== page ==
Sunday, January 13, 2019

Time and Faith

Média nocte surgébam ad confiténdum tibi... ps. 118

Kindle via Amazon continues to put me in touch with books I might otherwise never get around to reading. In theology class (over forty years ago!) at some point I know we spoke about Rosmini, but just the other day I took on a free copy of: Rosmini, Antonio. Of the five wounds of the Holy Church. London: Rivingtons. Kindle Edition. Reading through two of the five wounds was enough exposure to Rosmini to convince me that I had not missed much.

When it comes to liturgy, Rosmini's premise that the Church suffers from the distance between the priest at the altar and the folks in the pews, that liturgy needs to be made accessible, etc. is part and parcel of the liturgical movement mindset of the 1950's and of what became the post-conciliar liturgical reform. This progressive approach couldn't be more ex opere operato in its reliance on a pedagogical model of supposedly refined methodology cut off from the life lived. Faithlessness is confronted with a discursive format, variety and the vernacular. Rosmini was discontented with the faith life of his day and blamed the Mass of the Ages for not carrying the ball. Today, we are fifty years into his dreams for reform realized (at least partially) and can claim to be none the better for all the "proximity" and willfulness. 

Why couldn't Rosmini, a man who sacrificed his health and his life for an ideal, realize that when we say that faith comes through hearing, what we mean is that it requires a genuine personal exchange with that significant other during our formative years, namely the witness of our parents and/or tutors. The Divine Liturgy (fons et culmen, source and summit of Christian existence cannot supplant that fundamental exchange in everyday life) must be sublime. It is anchored in the life lived of bedtime prayers and the kind of faith sharing which parents have even with babes in arms. Rosmini for all his reflection and study evidently could not grasp that. He is sadly very much like parents who don't have enough faith to personally share with their children and attempt to soothe their consciences about having done their duty by insisting that they got the kids to twelve years of Catholic school and sent them on to Notre Dame or some Jesuit University somewhere... They are at a loss because, despite all that professional "Catholic input", their more or less grown up children are at best indifferent to the faith and have no time for church and no prayer life of their own. 

Granted, we are all free agents and can turn our backs on the very best upbringing, but that does not allow us to kid ourselves about having planted the seed, when in point of fact our witness has been less than wholehearted. The old common wisdom presumed that the older generation had done their part and when the tempest of youthful irresponsibility had passed, all that Catholic learning would come to the fore in marriage when the new parents looked into the eyes of that firstborn and got back with the program. If that be so, why am I witness to the tears of so many grandparents whose children cannot be bothered even to baptize that baby, let alone teach their child or children a prayer or two. The older generation's witness was lacking, despite their lip service to the faith, and their adult children are so distant that they have nothing to give to those who should follow them in this life.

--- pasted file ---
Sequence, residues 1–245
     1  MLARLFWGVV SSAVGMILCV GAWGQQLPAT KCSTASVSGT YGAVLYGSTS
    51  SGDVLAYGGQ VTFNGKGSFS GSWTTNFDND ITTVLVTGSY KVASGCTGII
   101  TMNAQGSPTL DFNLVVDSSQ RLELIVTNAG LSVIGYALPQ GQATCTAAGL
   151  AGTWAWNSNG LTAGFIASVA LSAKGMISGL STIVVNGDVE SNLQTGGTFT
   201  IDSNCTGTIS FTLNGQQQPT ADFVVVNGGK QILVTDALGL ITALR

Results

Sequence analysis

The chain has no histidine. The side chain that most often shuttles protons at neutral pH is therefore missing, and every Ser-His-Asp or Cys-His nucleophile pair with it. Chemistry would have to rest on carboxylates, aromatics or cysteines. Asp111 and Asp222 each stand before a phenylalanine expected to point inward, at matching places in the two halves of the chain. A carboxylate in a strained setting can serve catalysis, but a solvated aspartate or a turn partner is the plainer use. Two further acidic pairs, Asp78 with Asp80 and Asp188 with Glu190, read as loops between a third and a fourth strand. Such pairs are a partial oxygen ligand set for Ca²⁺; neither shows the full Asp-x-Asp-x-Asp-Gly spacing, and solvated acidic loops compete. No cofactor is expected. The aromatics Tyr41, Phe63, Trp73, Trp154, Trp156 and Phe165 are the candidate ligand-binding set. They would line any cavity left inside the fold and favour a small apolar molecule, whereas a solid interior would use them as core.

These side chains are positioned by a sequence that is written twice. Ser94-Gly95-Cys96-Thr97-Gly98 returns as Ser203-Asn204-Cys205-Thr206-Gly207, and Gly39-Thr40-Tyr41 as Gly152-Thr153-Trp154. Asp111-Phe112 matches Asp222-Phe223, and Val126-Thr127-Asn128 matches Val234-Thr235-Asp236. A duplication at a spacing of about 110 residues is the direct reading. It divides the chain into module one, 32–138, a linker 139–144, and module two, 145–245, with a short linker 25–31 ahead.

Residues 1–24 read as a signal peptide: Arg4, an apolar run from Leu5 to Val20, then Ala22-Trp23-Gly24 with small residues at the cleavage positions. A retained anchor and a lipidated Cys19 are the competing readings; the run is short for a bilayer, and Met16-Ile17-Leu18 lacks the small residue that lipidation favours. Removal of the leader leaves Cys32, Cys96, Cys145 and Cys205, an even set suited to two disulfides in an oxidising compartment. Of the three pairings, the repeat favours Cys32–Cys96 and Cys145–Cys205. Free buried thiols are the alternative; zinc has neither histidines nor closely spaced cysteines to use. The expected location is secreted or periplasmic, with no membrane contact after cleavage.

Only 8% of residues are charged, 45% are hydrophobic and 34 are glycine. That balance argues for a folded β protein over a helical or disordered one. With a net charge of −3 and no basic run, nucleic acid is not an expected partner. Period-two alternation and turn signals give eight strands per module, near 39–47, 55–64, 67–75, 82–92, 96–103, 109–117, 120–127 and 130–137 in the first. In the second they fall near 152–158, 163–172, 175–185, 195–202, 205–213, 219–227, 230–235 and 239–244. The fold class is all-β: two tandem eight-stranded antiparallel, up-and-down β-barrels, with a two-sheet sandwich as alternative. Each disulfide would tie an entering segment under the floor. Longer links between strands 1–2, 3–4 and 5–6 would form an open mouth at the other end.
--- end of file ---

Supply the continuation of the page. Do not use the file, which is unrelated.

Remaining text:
How do I gauge the witness of my faith? Fair enough! That is a million dollar question and perhaps impossible to answer in a satisfactory way. Nevertheless, I think we would do well to find our way to a life of prayer not just as a starter but as an obligatory. How? We need to ask our guardian angel to carry us, we need to hold Mary's hand, we need to be on the way to a tender love of God's Anointed, the Christ. We need to keep knocking at the door day and night.

Would you believe that the above quote from Psalm 118 got me started on this track? "I rose at midnight to give praise to thee..."

Some weeks back on Facebook I asked my friends for prayers as I began my commitment to the 1962 Breviary. Concretely, I needed a special grace to make time for the Sexta Hora around midday, so as to make sense of some of the prayers. Those prayers were answered for me in a rather delightful way, I would say. Since then I have been waking up at some time past midnight and praying Matins! No bragging, because the fuller Psalter with the Vulgate renditions mean that I am discovering parts of the Prayer of the Church anew. Despite the unfamiliar Latin however, my principal takeaway so far from the experience is a new notion of time or, maybe, the confirmation of long held convictions about the importance of sanctifying time... around the clock.

I add this little bit about me as an encouragement to young and younger parents especially to keep knocking at the door of prayer, day and night, kindling that faith to be passed on to your children. Children's Mass of a monthly Sunday, catechism class or in Europe religion class in public school, youth groups, retreats and seminars cannot bear their fruit, if the spark has not already lit the pilot light in the domestic church. 


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